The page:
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Wednesday, September 15, 2021

Lance Leipold hopeful KU football RB Amauri Pesek-Hickson can play ‘a little bit more’

Kansas running back Amauri Pesek-Hickson breaks free on a run during a game against TCU Saturday night at David Booth Kansas Memorial Stadium on Nov. 28, 2020.

Kansas running back Amauri Pesek-Hickson breaks free on a run during a game against TCU Saturday night at David Booth Kansas Memorial Stadium on Nov. 28, 2020.

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Following a brief appearance for Amauri Pesek-Hickson late in the Kansas football team’s road loss at Coastal Carolina this past week, head coach Lance Leipold hopes the redshirt freshman running back can keep easing his way into a larger workload moving forward.

Pesek-Hickson, who wasn’t available for the Jayhawks during their Week 1 home win over South Dakota due to injury, didn’t make his season debut in Week 2 until the fourth quarter, as the offense started sending in some of its reserves.

The 6-foot, 230-pound back from Blue Valley North High had a short carry for one yard on KU’s final drive of a 49-22 loss.

The Jayhawks would like to get to a point where they can rotate some with their top three running backs — junior Velton Gardner, true freshman Devin Neal and Pesek-Hickson — and establish a much stronger rushing attack that they’ve shown during a 1-1 start.

“We’re finally getting a little bit more healthy at the running back position,” Leipold said Wednesday night, during his weekly “Hawk Talk” radio appearance.

KU’s head coach said a lingering injury issue has caused Pesek-Hickson to miss a lot of practice time over the past several weeks.

“And it’s really been frustrating,” Leipold said of what the young back is going through. “It’s one of those things that you think you’re feeling good and then you’re not.”

A year ago, when Pesek-Hickson appeared in only the final four games of the season, he became the Jayhawks’ lone 100-yard rusher in 2020, going for exactly 100 on 22 carries versus TCU. He averaged 3.6 yards per carry for the year during his debut season.

Leipold said the staff wanted to get Pesek-Hickson in for at least a few snaps late in the game at Coastal just to give him some game reps.

“Hopefully we’ll be in a position that he’ll play a little bit more this week,” Leipold added.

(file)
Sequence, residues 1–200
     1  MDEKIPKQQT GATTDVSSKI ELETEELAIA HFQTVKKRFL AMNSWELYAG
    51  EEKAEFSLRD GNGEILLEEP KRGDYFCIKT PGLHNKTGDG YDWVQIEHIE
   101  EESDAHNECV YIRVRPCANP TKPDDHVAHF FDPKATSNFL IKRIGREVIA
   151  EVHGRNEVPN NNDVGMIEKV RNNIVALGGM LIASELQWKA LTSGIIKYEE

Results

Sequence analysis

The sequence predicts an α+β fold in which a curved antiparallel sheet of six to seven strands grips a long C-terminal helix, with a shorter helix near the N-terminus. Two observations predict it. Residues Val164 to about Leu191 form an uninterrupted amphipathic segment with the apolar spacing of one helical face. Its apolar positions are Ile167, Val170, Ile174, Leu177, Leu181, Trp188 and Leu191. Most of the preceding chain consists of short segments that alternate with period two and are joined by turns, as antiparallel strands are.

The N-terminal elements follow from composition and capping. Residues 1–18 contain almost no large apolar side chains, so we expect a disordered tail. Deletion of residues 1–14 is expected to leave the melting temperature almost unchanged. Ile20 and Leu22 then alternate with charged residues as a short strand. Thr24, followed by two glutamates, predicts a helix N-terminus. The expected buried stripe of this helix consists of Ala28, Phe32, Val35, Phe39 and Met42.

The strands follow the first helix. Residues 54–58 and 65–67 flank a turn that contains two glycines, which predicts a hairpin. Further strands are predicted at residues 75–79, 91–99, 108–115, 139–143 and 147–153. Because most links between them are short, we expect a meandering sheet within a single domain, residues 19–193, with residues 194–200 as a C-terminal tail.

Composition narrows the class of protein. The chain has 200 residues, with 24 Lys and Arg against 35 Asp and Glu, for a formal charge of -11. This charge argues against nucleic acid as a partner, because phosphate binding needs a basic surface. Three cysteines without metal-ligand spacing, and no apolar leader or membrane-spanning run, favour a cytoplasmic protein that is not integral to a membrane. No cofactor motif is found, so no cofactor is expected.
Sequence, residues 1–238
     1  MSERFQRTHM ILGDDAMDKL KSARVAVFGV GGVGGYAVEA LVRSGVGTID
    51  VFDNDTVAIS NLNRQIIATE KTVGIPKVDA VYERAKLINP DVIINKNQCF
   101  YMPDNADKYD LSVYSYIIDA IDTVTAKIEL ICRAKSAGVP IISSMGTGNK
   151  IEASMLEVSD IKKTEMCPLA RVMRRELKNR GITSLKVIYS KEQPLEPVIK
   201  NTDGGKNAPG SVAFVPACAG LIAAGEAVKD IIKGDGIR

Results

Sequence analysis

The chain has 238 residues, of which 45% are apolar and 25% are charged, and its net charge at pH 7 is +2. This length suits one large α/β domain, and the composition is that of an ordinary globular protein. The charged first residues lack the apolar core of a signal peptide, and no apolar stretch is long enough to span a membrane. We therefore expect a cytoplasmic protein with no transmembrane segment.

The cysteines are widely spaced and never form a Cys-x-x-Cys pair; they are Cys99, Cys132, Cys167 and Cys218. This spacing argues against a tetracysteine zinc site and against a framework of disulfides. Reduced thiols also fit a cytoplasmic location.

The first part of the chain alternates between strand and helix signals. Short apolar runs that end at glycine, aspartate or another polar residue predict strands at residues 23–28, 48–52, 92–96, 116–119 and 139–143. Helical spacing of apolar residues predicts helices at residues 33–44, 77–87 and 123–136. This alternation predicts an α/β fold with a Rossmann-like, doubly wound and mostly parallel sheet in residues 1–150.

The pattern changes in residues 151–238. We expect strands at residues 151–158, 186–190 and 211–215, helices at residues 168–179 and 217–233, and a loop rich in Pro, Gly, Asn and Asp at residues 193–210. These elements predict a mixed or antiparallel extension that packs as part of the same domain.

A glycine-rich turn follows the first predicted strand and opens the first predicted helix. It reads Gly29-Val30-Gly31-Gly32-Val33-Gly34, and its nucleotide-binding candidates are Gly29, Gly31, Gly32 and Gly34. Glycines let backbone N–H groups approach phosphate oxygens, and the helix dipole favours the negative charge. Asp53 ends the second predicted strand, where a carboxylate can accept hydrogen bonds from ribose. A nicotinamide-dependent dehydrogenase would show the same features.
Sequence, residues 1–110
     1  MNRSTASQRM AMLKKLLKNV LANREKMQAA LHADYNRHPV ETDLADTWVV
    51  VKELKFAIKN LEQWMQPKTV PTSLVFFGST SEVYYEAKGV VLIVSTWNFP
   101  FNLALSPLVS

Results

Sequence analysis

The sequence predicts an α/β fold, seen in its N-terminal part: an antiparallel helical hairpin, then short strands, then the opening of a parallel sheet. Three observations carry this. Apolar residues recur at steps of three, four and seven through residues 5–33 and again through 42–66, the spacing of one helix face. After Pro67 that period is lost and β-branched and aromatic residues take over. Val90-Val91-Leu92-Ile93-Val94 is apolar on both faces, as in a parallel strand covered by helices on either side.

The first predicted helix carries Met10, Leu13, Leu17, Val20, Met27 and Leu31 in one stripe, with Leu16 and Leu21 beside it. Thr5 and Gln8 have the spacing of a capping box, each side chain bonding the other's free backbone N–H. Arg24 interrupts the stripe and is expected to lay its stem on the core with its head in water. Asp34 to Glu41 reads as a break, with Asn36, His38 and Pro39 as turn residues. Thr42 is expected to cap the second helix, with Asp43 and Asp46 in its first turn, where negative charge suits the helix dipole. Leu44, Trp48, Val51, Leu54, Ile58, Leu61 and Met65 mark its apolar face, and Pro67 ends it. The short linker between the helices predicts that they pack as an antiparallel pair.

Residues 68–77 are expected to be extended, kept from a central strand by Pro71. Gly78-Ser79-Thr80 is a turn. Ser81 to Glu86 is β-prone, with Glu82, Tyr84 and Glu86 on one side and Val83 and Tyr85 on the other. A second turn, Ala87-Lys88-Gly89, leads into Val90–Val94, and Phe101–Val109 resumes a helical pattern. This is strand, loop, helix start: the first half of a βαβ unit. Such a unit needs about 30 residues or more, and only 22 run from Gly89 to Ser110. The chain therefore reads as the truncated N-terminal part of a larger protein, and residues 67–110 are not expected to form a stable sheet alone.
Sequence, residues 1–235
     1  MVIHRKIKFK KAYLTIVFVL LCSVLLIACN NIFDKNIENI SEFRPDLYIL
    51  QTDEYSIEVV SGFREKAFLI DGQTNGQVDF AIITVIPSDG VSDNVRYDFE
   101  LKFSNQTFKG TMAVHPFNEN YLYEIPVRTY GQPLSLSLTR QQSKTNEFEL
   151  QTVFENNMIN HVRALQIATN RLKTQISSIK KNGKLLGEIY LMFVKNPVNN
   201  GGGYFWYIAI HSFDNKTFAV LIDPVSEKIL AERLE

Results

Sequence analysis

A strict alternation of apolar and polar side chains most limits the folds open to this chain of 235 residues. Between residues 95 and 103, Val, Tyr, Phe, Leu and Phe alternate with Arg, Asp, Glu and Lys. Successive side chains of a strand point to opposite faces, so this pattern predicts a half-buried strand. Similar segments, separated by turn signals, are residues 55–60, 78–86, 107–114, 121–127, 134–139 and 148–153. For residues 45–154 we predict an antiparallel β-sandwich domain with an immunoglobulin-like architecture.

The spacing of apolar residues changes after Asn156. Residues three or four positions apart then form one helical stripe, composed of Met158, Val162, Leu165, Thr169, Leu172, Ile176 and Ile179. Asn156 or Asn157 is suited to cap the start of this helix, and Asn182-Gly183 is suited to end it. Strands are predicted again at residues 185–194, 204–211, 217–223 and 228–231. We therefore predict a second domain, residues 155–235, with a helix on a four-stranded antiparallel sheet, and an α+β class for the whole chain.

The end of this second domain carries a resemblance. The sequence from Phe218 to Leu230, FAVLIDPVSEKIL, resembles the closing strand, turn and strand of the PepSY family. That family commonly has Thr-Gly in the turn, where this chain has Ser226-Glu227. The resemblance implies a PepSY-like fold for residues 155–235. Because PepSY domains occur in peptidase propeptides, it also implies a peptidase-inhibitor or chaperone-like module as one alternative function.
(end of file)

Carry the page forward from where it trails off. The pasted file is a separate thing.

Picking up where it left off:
Through the first two games, as the Jayhawks adapt to a new offense under coordinator Andy Kotelnicki, KU’s running backs haven’t been particularly productive (48 combined carries, 113 yards, one TD). Most of the Jayhawks’ success on the ground has come from junior quarterback Jason Bean (28 carries, 154 yards, two touchdowns).

Even so, Leipold still likes the talent in KU’s running backs room. He called Pesek-Hickson a “big back” who’s strong and fast. The coach said Neal has “such a bright future” and keeps learning and getting better daily. “It’s not even weekly anymore,” Leipold added.

Plus, Leipold thinks Gardner, the team’s leading returning rusher from 2020 (325 yards, 4.5 yards per carry, two TDs in six games), can be “so dynamic” in the open field. Gardner’s 18-yard run early in the third quarter at CCU was the longest gain by a KU running back in the first two weeks.

“We’re just going to have to be more consistent up front,” Leipold said of the offensive line and the need to get the running backs on track. “That allows these guys to kind of get in a rhythm and show what they can do.”

KU RB production through 2 games

• Velton Gardner — 27 carries, 52 yards, 1.9 YPC

• Devin Neal — 12 carries, 41 yards, TD, 3.4 YPC

• Torry Locklin — 8 carries, 19 yards, 2.4 YPC

• Amauri Pesek-Hickson — 1 carry, 1 yard, 1.0 YPC

Comments

Andy Godwin 1 month, 1 week ago

“We’re just going to have to be more consistent up front,” Leipold said of the offensive line and the need to get the running backs on track. The production running the ball minus Bean is terrible (113 yards total on 48 carries or 2.4 YPC). None of the running backs have blazing speed (Pooka speed), so the offensive line needs to pick up their game or the offensive production will be as bad as in the past and none of the games will be competitive. Very simple, if you can't block you can't run effectively and you cannot sustain drives needed to limit the number of possession of your opponents.

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